32 Citations (Scopus)


BACKGROUND: Adverse childhood experiences (ACEs) have been associated with both inflammation and depression. However, few studies have examined the role of inflammation as a possible biological mechanism underlying the association of ACEs with depression in later life using longitudinal data. This study investigated the longitudinal mediation effects of inflammation in the relationship between ACEs and depressive symptoms in older adults.

METHODS: We utilised data from the English Longitudinal Study of Ageing (N = 4382). ACEs (i.e. threat, family dysfunction, low parental bonding, loss experiences) were assessed retrospectively at wave 3 (2006/07). C-reactive protein (CRP), an inflammatory marker, was measured at waves 2 (2004/05), 4 (2008/09), and 6 (2012/13). Depressive symptoms were ascertained from wave 6 to 8 (2016/17). The mediation analysis was conducted using parallel process latent growth curve modelling.

RESULTS: Greater ACEs cumulative exposure was associated with higher CRP and depressive symptoms at baseline (βCRPi = 0.066[0.030-0.102]; βDEPi = 0.149[0.115-0.183]) and with their increase over time (βCRPs = 0.205[0.095-0.315]; βDEPs = 0.355[0.184-0.526]). Baseline CRP levels were positively associated with baseline depressive symptoms (βDEPi = 0.145[0.104-0.186]) and their trajectory (βDEPs = 0.215[0.124-0.306]). The mediation analysis indicated that higher baseline CRP levels mediated respectively 7% and 5% of the total effect of ACEs cumulative exposure on the baseline value and change in depressive symptoms. These mediation effects were larger for Loss experiences (i.e. 20% and 12% respectively) than for other types of ACEs. In addition, they were independent of possible confounders and additional mediators including adult socioeconomic position and lifestyle factors.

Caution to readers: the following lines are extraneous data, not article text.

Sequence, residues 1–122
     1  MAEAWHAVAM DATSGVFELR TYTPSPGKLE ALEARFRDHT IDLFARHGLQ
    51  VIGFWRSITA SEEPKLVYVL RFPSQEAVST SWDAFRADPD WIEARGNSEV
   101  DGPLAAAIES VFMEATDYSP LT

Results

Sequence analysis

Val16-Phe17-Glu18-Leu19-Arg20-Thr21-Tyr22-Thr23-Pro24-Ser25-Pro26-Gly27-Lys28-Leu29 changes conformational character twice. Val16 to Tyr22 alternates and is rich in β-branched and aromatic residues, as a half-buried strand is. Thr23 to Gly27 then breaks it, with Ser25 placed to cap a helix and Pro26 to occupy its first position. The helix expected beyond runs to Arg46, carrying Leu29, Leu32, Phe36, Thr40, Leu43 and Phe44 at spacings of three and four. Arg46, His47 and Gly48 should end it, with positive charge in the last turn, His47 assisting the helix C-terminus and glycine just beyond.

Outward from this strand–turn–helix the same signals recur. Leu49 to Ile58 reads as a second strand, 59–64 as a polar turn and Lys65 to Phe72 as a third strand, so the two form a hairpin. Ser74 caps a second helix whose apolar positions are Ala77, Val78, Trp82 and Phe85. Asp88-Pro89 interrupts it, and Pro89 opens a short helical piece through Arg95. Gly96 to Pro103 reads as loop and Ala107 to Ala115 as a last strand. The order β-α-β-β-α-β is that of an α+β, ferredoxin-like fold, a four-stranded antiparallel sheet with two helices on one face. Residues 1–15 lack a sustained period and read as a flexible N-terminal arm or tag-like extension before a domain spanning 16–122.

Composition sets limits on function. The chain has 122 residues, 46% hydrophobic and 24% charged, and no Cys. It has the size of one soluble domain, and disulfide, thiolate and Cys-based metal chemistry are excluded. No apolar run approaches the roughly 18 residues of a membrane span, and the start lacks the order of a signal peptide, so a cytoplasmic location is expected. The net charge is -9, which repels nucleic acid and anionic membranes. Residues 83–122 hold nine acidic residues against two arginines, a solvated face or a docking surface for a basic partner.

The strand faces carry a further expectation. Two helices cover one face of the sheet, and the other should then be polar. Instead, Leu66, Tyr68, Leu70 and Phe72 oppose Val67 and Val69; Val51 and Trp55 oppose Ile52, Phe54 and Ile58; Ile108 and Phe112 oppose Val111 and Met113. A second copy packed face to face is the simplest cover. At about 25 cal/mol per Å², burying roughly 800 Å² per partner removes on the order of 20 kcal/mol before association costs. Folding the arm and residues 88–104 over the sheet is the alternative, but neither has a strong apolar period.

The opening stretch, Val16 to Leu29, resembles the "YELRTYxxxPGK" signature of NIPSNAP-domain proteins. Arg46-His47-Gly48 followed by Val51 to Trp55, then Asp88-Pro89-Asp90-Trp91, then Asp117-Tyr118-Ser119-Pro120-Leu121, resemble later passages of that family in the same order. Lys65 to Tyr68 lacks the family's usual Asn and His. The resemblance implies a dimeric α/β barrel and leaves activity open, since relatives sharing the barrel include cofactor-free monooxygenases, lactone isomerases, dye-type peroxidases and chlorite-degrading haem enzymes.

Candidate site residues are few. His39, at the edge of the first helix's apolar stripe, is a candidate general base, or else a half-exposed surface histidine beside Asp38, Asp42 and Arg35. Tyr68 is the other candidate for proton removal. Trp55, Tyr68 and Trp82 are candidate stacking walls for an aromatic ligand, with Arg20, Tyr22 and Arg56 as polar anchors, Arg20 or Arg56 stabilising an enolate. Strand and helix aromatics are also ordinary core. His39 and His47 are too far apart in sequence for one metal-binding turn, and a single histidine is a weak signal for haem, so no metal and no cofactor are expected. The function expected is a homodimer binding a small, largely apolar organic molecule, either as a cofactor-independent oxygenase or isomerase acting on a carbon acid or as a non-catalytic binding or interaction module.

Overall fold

CONCLUSION: ACEs were related to higher depressive symptoms partly via elevated CRP levels. Inflammation might be one of the psychobiological mechanisms underlying the link between ACEs and depression. Psychosocial and behavioural interventions to prevent and reduce the negative impact of ACEs might help to lower the risk of inflammation and depression in the population.

Original languageEnglish
Pages (from-to)97-107
Number of pages11
JournalBrain, Behavior, and Immunity
Publication statusPublished - Nov 2020


  • Adverse Childhood Experiences
  • Aged
  • Child
  • Depression
  • Humans
  • Inflammation
  • Longitudinal Studies
  • Retrospective Studies


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